By being in both visual effects and VR, effects studios can also re-use and re-purpose assets they make for films into other mediums, and have the same artists contributing to the process.
“To be able to transfer a film asset that has been fully developed in modeling, texture, animation, simulation and look directly in a VR experience is a key goal so that we can leverage all of the skill and artistry of our proven production visual effects workflows,” says ILMxLAB’s Alexander. “Specifically, we find that lighting and simulation artists gravitate to the real-time tools well; modeling, texture and animation artists are able to work in a familiar realm as well to produce immersive content.”
The Mill has been involved in several VR and immersive films, and has used some of its VFX background to help develop an on-set stitching tool called Mill Stitch.
Still a lot to solve
It may be that VFX skills are easily transferable to VR, but, as many studios we spoke to stated, that doesn’t make crafting VR experiences necessarily any easier. And there are new problems to solve, too, such as planning a VR experience, editing in VR, seamless stitching of footage from multi-camera rigs, real-time and GPU rendering, reviewing VR material and re-thinking VFX techniques for VR.
One of those problems is an amalgam of visual effects and VR needs; compositing. Ollie Rankin notes that this final step in the VR process (particular relevant for live action experiences) is still incredibly difficult. “All of the 2D camera-space corner-cutting tricks go straight out the window. You have to make a complete and seamless world.” ILMxLAB’s Alexander also recognizes those same VR compositing challenges, and wishes that “real-time compositing tools become the norm so that we can achieve more filmic and photographic experiences.” Certainly, software companies seem to be working on such tools, including The Foundry with its CARA VR plugin for its industry-leading compositing toolset NUKE.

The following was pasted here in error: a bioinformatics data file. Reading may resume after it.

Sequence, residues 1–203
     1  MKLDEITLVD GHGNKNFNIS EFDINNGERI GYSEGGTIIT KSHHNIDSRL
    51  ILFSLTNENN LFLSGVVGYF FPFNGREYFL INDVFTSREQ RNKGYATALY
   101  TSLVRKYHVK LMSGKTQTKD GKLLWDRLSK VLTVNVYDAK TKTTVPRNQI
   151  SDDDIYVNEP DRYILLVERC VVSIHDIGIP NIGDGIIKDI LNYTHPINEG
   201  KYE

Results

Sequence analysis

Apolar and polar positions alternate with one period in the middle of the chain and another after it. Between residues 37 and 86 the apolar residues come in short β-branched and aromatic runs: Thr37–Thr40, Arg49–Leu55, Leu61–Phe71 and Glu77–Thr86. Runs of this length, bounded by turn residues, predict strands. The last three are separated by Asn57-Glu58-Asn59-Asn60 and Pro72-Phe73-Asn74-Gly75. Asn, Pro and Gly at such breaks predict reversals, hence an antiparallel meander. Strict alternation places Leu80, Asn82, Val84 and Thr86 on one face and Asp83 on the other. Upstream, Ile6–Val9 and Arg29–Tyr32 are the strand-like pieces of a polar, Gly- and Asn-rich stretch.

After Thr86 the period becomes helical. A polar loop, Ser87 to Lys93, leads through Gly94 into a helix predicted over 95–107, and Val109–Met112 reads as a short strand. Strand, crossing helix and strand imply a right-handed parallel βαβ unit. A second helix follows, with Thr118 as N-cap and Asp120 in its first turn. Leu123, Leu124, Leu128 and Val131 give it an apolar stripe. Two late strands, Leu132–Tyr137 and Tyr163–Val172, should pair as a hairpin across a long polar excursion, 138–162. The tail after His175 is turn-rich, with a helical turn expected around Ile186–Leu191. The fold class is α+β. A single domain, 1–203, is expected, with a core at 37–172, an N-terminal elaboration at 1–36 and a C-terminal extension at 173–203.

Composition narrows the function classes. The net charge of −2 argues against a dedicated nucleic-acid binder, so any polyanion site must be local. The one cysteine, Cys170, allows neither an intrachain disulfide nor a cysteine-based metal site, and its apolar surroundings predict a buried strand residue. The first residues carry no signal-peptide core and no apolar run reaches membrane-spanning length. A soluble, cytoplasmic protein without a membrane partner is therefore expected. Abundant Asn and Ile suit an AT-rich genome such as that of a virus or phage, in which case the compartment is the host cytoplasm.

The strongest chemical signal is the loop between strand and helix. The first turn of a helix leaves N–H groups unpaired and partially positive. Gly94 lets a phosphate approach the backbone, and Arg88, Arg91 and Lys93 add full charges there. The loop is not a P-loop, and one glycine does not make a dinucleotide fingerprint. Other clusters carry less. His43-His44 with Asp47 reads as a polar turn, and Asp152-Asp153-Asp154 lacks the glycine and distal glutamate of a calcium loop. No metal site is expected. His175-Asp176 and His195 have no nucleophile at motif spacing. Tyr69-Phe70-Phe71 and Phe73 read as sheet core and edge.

Mirada worked on post production for the Mr. Robot VR experience.
Plus, there are other things that VFX studios feel they can help bring to the table for VR. Digital Domain’s Inversin says his studio is “developing a number of tools that will help bring live action photography into real-time cinematic engines,” while Framestore’s Cattano suggests “increased content creation will spawn increased use, which will encourage new tools and improvements to be developed to solve some of the content creation and usability hurdles” – with VFX studios poised to do that development.
Still, as Mirada’s Fragomeni observes, VFX studios routinely rely on workarounds to make VR a reality, another example of the problem solving at work.
“There is no magic bullet that allows one to film a no-stitch-required stereo 360 degree video at 90fps-plus with similar quality as digital cinema cameras,” he said. “So everything is a compromise between quality, size of rig, distance of subject, light level, stereo vs. mono, etc. Some day there will be a hovering camera the size of a marble that shoots perfect 360 degree lightfields at 120fps, but until then we have a lot of duct tape and bubblegum to get through!”